Keep an eye out for colorful visitors around your yard this week. Bird migration is at its spring peak!
Don’t be surprised if you notice curious observers staring or pointing up at the sky this week. It’s bird migration time — and it’s at its spring peak in the Alamo City!
San Antonio is perfectly located along the Central Flyway from Mexico north across Texas into the Great Plains and Canada. The lack of mountains and other obstructions in our wide-open spaces encourage spring birds to broadly congregate over central Texas as they make their way north toward nesting territories.
On favorable nights (like tonight) they’ll number in the many millions. You can hear them calling overhead in the predawn darkness if you pause while loading the car or rolling the bins to the curb. In addition to the mockingbird’s morning vocals, you may hear a chorus of additional whistlers and the light percussion of warblers, orioles, flycatchers and many more as they alight on the treetops after a high flight overnight.
New online tracking tools like BirdCast let you see it for yourself: 15 million birds flew over Bexar County already this week, and similar numbers are expected to pass through in the next few days. (That’s more than all the people and grackles in San Antonio, combined!) Weather surveillance radar picks up millions of tiny slow-moving targets moving northward at night when temperatures are perfect for wings to maintain speed and altitude.
Since birds use the moon and stars to navigate, they become easily confused by artificial lights, especially during foggy or rainy weather. Even midnight specialists like nighthawks can be disoriented by lights around buildings, where window collisions and other dangers abound (half a billion birds die from window strikes each year.)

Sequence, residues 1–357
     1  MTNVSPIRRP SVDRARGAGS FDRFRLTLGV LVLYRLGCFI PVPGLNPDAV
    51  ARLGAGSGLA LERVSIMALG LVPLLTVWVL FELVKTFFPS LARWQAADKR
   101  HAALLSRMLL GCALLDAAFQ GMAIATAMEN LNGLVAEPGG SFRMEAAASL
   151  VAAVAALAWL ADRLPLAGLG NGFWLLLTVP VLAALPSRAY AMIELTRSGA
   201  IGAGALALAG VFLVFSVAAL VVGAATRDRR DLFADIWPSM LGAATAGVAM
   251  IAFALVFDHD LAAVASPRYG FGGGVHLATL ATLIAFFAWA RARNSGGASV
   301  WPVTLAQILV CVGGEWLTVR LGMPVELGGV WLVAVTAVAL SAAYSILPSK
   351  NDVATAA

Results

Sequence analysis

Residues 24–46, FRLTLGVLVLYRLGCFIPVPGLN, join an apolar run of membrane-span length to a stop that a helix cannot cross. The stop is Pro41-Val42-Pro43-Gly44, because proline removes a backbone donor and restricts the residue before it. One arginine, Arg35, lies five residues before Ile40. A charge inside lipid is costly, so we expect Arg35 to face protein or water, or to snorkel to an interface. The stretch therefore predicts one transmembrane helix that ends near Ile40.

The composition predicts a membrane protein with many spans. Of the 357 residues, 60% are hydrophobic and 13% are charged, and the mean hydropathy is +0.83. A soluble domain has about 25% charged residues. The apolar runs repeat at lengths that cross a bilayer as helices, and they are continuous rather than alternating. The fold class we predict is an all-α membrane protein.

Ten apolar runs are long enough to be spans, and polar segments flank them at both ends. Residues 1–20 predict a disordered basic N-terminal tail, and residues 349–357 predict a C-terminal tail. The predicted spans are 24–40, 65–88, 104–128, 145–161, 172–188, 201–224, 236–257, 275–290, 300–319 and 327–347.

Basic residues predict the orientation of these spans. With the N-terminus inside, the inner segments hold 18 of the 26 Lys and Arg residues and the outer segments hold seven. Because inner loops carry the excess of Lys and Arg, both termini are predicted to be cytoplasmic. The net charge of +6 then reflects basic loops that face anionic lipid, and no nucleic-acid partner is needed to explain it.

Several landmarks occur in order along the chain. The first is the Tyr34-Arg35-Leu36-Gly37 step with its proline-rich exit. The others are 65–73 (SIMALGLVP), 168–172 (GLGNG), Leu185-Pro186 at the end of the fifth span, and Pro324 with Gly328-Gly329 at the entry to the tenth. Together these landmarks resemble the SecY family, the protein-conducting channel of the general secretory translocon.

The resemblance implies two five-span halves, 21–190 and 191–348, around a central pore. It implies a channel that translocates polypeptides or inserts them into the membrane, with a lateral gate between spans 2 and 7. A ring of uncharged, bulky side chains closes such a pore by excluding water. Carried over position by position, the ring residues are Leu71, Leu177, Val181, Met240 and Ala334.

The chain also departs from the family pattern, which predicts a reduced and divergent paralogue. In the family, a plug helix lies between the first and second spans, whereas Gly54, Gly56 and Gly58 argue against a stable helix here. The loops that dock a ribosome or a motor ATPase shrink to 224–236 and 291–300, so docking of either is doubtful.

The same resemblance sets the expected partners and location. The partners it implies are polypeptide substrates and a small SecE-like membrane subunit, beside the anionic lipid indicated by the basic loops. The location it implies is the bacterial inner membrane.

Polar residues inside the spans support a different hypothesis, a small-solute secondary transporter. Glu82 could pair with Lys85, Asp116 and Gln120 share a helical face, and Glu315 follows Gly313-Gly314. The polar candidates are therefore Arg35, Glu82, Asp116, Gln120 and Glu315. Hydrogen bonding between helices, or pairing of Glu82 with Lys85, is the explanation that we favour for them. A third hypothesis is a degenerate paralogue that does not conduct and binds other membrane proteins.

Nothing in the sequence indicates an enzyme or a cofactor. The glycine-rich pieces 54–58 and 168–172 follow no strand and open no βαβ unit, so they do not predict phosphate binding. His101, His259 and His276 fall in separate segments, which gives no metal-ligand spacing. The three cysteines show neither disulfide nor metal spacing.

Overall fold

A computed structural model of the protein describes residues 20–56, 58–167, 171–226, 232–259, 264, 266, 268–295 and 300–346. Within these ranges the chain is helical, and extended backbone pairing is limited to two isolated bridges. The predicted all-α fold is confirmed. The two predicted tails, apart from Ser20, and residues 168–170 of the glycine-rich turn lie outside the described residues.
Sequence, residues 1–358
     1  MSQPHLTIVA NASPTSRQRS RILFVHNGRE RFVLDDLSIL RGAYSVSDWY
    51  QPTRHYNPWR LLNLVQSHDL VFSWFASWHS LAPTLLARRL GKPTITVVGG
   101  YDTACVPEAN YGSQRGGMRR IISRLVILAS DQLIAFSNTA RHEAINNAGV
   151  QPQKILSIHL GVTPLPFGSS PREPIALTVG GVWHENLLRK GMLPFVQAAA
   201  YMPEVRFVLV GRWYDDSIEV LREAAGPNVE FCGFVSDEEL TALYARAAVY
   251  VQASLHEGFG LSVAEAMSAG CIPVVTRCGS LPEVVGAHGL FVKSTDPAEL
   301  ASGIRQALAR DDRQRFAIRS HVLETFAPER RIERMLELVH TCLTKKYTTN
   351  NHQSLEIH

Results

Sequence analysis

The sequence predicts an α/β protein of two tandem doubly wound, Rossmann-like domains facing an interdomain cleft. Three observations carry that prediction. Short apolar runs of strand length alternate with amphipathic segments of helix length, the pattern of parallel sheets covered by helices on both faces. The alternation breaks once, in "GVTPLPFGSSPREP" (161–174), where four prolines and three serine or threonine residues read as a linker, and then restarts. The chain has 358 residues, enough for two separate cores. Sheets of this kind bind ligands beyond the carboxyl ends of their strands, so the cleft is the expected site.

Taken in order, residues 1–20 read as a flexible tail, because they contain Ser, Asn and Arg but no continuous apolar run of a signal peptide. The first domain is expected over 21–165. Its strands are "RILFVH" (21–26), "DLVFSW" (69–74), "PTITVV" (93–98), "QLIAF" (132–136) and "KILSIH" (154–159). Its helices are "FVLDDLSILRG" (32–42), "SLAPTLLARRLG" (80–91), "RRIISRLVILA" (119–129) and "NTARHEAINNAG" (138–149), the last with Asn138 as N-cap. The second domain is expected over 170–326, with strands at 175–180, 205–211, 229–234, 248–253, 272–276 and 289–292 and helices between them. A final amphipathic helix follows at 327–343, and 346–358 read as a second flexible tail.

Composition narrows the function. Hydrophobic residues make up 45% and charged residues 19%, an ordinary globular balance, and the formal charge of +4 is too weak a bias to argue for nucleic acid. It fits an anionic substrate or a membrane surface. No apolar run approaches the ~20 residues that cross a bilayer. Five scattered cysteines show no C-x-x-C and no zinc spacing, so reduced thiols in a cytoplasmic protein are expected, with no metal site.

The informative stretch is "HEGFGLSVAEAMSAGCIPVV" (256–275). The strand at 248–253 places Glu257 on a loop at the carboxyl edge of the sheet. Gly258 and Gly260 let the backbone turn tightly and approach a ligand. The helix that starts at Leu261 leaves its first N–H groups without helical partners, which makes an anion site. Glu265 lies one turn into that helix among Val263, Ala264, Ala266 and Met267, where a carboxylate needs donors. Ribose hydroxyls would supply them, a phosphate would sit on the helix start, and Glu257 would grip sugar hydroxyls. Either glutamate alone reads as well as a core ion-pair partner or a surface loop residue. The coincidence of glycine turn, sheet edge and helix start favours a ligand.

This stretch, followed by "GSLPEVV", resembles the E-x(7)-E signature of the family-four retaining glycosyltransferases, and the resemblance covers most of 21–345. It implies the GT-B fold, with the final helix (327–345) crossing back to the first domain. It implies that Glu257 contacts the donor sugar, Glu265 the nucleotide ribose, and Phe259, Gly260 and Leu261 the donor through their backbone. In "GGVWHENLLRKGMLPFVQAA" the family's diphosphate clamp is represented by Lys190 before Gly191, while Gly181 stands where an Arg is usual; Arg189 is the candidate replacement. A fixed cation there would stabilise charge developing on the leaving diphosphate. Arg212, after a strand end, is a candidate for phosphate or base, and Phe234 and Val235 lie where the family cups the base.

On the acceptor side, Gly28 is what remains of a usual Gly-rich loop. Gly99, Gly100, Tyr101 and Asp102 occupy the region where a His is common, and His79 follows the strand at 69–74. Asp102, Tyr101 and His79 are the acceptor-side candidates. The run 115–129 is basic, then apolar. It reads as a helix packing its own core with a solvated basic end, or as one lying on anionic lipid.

You can help them avoid crashing into windows and wires by switching off your own outdoor lights during heavy migration. Lights Out Texas recommends turning off all non-essential lighting from 11 p.m. to 6 a.m.
Also, keep your bird baths filled with fresh water and away from areas where predators can hide, as many migrants will linger during the day to refuel before heading on their way at sunset.
So listen and keep an eye out for colorful visitors around your yard — painted buntings, cuckoos and Baltimore orioles are all possible even in urban San Antonio.
Looking for a better view?
Everywhere is a good place to see migration this week, but birds also tend to be channeled by local topography into well-known “migrant traps” where they can be more easily seen and photographed. Check out these classic hotspots as well as the Botanical Garden, Brackenridge Park, Crescent Bend Nature Park and Mitchell Lake Audubon Center.
San Antonio Audubon Society, Bexar Audubon Society and other groups offer guided tours of many locations.